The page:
It’s not often that high schoolers strategize to combat lethal and infectious diseases from all over the country, but Foothill’s MedTech students did when they presented their Disease Projects on Tuesday and Thursday in Spirito Hall.
The project, which has been going on for 7 years within Bioscience, assigns groups of juniors an infectious disease. They must use county and federal resources to combat the outbreak as best they can with a hypothetical solution.
The project was originally for sophomores, but was moved to MedTech seven years ago.
“As 10th graders, students didn’t have enough physics, biology, and chemistry background to come up with plans that were realistic,” MedTech teacher and project advisor Mika Anderson said.
Students presented their plans to a panel of six judges, some from St. John’s Medical Center, Public Health and Ventura County Medical Center. These professionals’ fields ranged from Public Health to Microbiology, but all were familiar with infectious diseases and prevention.
The diseases chosen for the project change as new ones become more relevant. Some are recycled, but most are different every year. Judge panel veterans are often the ones that suggest new diseases. Because they work in fields that handle infectious diseases, they are the first to see new outbreaks.
“I wanted people that could assess them based on content,” said MedTech teacher and project advisor Mika Anderson. “I wanted someone to actually listen to the presentations and to determine whether or not their solutions were accurate. The best people to do that would be people who work in the field.”
Anderson said she views the project as a “celebration” of the hard work the students have put in all year.
“This is the moment for you to celebrate your knowledge and what you know,” she told the students before they presented.
Junior Elaine Park presented with her group on Thursday on Carbapenem-resistant Enterobacteriaceae. Park’s assigned disease, commonly referred to as CRE, is an illness that “is popping up left and right,” Anderson said. The disease proves fatal for approximately 50 percent of infected persons, reports the Centers for Disease Control and Prevention (CDC).
“It’s basically its name. It’s resistant to Carbapenem, which is one of the strongest antibiotics, which means it’s very hard to treat,” Park said.
Their plan involved quarantining the few infected. Park said that since CRE is not very contagious, and only targets the already ill, there have only been about 100 cases.
Benjamin Limpich and his group presented Thursday with his group on Bacterial Meningococcal, a form of Meningitis that Limpich said is “much worse than normal.”
The outbreak was at a network of colleges and universities in Massachusetts that shared a transportation system. Their plan was to stop the bacteria’s spread by sterilizing the dorm rooms and buses and starting a public awareness campaign.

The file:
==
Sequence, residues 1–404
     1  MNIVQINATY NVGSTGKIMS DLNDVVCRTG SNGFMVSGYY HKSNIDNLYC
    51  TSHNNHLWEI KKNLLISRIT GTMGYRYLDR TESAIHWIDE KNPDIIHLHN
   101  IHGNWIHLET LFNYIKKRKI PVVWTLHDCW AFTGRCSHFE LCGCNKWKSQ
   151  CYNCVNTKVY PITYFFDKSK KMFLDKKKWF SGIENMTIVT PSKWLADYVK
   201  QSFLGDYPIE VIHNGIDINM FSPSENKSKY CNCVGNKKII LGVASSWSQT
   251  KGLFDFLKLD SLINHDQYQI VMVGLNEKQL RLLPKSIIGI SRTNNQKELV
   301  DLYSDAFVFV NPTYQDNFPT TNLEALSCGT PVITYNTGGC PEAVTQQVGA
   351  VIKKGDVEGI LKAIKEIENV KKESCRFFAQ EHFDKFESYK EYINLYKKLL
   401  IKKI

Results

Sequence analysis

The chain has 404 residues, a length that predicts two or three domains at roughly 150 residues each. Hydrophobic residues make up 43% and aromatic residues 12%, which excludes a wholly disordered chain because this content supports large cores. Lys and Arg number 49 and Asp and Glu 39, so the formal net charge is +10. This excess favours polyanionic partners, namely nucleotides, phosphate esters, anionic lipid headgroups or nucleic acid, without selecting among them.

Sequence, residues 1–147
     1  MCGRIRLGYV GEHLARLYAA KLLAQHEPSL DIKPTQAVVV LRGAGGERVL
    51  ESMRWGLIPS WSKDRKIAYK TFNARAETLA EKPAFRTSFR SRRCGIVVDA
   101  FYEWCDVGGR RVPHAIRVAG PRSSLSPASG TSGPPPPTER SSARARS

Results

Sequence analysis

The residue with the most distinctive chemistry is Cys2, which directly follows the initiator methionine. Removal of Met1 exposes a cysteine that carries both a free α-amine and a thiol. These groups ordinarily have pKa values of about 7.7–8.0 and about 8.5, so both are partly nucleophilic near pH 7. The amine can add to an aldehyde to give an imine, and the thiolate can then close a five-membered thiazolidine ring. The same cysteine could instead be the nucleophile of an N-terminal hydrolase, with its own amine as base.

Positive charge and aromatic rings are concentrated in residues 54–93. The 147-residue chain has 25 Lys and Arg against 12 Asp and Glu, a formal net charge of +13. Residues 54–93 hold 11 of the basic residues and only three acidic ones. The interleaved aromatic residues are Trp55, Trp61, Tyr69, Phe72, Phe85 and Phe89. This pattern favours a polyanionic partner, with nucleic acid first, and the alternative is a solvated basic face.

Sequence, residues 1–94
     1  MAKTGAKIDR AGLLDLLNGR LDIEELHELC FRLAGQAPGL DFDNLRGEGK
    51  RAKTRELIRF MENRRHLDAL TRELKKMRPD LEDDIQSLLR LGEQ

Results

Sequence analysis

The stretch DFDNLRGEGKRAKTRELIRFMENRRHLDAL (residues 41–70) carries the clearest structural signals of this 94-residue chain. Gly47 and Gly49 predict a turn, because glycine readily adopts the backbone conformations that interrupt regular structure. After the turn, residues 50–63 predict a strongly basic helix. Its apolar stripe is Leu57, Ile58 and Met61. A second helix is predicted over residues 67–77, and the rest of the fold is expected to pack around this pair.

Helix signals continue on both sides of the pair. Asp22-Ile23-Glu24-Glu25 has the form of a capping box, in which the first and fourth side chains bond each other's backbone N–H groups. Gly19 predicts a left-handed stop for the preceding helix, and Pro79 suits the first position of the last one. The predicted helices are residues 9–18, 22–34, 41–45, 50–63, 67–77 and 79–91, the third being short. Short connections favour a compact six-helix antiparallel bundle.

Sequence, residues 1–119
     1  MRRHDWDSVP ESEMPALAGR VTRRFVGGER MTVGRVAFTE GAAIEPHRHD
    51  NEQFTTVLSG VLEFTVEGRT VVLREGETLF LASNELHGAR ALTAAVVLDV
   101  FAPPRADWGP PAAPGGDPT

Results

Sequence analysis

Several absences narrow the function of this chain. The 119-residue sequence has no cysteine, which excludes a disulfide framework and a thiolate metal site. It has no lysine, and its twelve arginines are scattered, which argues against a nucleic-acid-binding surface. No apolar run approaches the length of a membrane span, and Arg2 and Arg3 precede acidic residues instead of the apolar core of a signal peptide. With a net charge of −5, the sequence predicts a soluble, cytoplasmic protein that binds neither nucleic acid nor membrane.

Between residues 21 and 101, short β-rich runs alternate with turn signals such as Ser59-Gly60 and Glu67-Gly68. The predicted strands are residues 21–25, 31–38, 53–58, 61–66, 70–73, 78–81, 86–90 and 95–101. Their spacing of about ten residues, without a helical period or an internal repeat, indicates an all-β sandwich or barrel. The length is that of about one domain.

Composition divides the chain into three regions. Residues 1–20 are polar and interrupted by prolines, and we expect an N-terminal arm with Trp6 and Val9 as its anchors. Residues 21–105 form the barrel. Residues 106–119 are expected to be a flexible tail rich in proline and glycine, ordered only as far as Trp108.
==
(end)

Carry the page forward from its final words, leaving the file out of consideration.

Limpich said his group met only three or four times, but collaborated using Google Docs. The students worked largely outside of school to create their presentations.
“It worked because a lot of us have busy schedules, and it’s difficult for us to get together outside of school, so it’s a lot more efficient online on Google Docs,” Limpich said.
Other presentations included Listeria, Dengue, Hantavirus, and Bordetella pertussis (whooping cough) on Tuesday as well as Poliomyelitis (Polio), Bacterial Meningococcal (Meningitis), and Marburg Hemorrhagic fever on Thursday.
Anderson said she thinks many of the students’ plans were realistic and would work well in the “real world.”
“Interestingly enough, when they present, about 85 percent of what they come up with is the actual plan being used,” she said. She added that the remaining 15 percent might be due to a lack of knowledge.
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Michele Hom, a second year judge and clinical lab scientist at VCMC and St. John’s Hospital, said she thinks the project exposes students to different types of jobs in medicine.
“I think it’s a great segway into different aspects into the medical field […] It’s not just the usual nurse and doctor you think of,” Hom said.
Hom has worked on many of the diseases that students presented on before in her lab.
“Some of [their plans] could possibly work. The CDC is always formulating new plans and each city and county have their own ways to contain them. It depends on the county,” she said.
Dr. Gail Simpson, an infectious disease specialist who works at CMH, has been one of the judges for the presentations for the last five years.
Simpson introduced the “Red Book” to the project this year. The book is a publication by the American Academy of Pediatrics, updated every few years by the Committee of Infectious Diseases.
The students used it to research their diseases, and find information such as records of past outbreaks, a list of symptoms, and treatment.
Although similar, Simpson noted that the way the students were given the project was different than how infectious disease professionals would handle a case.
“They’re being asked: Here’s an outbreak. How do you solve it? Ours is more like, we see the sick person and we have to figure out how they got it, where it came from, and how to stop it from spreading to other people,” Simpson said.
Overall, students said they thought the project was enjoyable and interesting.
Limpich summarized his experience by saying, “This project is difficult, but fun; stressful, but rewarding.”